Los Angeles County has a hepatitis A outbreak based on two “community-acquired” cases that cannot be traced back to San Diego or Santa Cruz, health officials announced this morning.
“We are in the situation of a Hepatitis A outbreak … as of this morning,” Public Health Department Director Barbara Ferrer told the Board of Supervisors.
To date, most cases have been linked to patients who are homeless or drug users, but include workers at a healthcare facility working with those patients, Ferrer said.
In a tweet today, Supervisor Janice Hahn provided advice from public health officials who said “we are early in this outbreak. The best way to prevent spread is for people to get vaccinated.”
Ferrar urged anyone working with high-risk individuals—including health care providers, food-service workers and shelter employees—to get vaccinated.
Children have been routinely vaccinated since 1999, but many adults lack protection against the virus.
“It’s a good idea for everyone to talk to their doctor,” said Dr. Sharon Balter, chief of the department’s communicable disease control program.
However, Balter said the county should focus on the homeless population, where the greatest risk lies. Ferrer agreed.
“The reason we’re particularly concerned (now) is because we have an outbreak in San Diego and we have an outbreak in Santa Cruz” and the contagion is in a “population not easily contained,” Ferrer said.
San Diego health officials said today the outbreak was the second worst in the county with 444 ill, 16 dead and two more being investigated, according to CBS News 8.
The county typically sees about 40-60 cases of hepatitis A annually from the population at large, with a concentration often found among food-service workers. But those patients can be readily tracked and follow-up can be scheduled by phone or email, something that’s not possible when patients are living on the street.
Long Beach health officials are working to inform, educate and vaccinate the at-risk population, include homeless and illicit drug-using individuals and those who closely interact with them, according to City Health Officer Anissa Davis. In addition, staff who work with this population are being trained to avoid infection and protect themselves.
Davis said Long Beach has never had a hepatitis A outbreak as large as the current outbreak in San Diego.
“ln light of the hepatitis A outbreak recently declared in Los Angeles County, the Long Beach Department of Health and Human Services is continuing to work diligently to outreach, educate and offer vaccine to the at risk population of homeless individuals and those who use illicit drugs,” Davis said in a statement. “We continue to educate the community who serve these individuals, city staff and the public at large about hepatitis A and the measures that should be taken to prevent disease.”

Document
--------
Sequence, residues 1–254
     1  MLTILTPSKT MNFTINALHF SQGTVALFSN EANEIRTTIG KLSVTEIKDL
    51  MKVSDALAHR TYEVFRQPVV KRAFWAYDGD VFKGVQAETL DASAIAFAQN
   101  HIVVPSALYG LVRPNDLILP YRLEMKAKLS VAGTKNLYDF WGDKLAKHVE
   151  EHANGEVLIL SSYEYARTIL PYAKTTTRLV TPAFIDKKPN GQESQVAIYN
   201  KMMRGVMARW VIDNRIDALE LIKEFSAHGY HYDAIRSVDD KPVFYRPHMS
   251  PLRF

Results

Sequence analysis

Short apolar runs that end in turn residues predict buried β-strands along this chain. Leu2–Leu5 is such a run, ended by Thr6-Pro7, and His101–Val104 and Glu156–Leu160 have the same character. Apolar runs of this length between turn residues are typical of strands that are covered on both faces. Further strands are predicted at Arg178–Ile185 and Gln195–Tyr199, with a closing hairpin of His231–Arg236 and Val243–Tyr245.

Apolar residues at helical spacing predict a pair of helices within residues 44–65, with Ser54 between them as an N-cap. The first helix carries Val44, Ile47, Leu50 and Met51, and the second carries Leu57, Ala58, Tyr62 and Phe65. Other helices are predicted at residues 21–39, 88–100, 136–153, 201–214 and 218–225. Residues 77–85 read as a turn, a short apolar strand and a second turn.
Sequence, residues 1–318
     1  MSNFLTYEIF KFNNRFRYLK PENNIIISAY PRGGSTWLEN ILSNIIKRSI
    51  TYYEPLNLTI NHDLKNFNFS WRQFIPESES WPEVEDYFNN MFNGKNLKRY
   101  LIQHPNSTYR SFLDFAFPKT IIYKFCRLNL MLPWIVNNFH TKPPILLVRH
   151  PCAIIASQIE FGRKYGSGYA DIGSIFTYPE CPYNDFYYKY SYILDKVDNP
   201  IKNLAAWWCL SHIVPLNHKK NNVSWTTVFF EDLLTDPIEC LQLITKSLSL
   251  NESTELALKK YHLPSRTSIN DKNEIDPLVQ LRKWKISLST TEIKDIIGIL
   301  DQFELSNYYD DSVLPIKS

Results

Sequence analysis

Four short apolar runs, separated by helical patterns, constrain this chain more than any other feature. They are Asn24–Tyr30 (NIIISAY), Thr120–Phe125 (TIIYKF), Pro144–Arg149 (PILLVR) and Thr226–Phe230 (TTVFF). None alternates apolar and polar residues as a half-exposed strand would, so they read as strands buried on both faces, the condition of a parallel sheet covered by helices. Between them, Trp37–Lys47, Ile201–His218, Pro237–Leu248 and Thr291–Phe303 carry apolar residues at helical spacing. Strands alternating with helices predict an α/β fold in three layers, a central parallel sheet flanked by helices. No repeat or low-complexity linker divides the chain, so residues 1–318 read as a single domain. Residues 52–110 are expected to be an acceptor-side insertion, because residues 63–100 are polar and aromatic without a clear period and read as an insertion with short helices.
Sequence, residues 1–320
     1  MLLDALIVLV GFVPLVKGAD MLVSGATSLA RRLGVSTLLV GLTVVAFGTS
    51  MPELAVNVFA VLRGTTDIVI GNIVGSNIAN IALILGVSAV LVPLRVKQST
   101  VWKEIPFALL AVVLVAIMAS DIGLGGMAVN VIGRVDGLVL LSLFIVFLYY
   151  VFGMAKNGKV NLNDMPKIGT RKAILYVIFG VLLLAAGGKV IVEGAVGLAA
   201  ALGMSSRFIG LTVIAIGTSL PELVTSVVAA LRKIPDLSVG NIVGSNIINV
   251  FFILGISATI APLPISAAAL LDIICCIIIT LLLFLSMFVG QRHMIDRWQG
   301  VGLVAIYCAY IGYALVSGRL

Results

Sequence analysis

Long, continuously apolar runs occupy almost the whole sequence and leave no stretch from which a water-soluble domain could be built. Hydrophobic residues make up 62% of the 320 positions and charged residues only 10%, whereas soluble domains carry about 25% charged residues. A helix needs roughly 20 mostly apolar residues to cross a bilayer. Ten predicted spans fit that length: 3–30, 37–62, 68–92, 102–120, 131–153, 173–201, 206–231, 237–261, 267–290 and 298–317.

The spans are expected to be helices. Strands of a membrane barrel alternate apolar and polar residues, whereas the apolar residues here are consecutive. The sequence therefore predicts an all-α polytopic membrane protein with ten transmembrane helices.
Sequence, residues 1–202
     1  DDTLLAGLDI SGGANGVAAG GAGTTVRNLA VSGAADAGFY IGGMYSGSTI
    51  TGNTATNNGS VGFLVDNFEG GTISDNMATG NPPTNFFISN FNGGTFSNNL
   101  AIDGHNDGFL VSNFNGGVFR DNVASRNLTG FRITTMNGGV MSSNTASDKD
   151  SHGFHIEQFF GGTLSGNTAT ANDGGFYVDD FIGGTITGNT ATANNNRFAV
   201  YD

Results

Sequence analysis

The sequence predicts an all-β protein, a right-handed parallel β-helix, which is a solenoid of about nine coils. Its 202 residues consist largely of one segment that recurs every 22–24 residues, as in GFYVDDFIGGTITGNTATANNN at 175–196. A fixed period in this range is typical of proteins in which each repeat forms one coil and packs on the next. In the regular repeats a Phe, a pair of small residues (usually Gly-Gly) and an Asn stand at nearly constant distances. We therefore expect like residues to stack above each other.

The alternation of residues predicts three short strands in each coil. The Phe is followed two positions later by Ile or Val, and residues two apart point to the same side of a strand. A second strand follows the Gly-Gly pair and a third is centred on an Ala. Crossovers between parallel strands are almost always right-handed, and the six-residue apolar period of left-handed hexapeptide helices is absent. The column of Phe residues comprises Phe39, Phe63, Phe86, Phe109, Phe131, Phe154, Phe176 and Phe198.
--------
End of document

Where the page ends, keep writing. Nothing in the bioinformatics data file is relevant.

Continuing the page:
The best and most simple way to avoid hepatitis A infection is hand washing, Davis added.
Hepatitis A is a highly contagious liver disease. Those infected may not have symptoms, while others may suffer mild symptoms over a period of weeks that can be treated with rest, good nutrition and fluids.
“Hepatitis A virus (HAV), is a vaccine-preventable disease transmitted fecal-orally, person-to-person, or through other items such as food,” according to the county DPH website. “Signs and symptoms of acute hepatitis A include fever, malaise, dark urine, anorexia, nausea, and abdominal discomfort, followed by jaundice. Many cases, especially in children, are mild or asymptomatic. Sexual and household contacts of HAV-infected persons are at increased risk for getting the disease.”
While most people recover completely and don’t have lasting liver damage, according to Ferrer, both those who have other health issues or weakened immune systems can be hospitalized and suffer permanent liver damage.
Keeping hands clean can prevent contagion and part of the county outreach to homeless individuals will include distributing hand sanitizer. An aggressive vaccination campaign countywide is underway.
City News Service contributed to this report.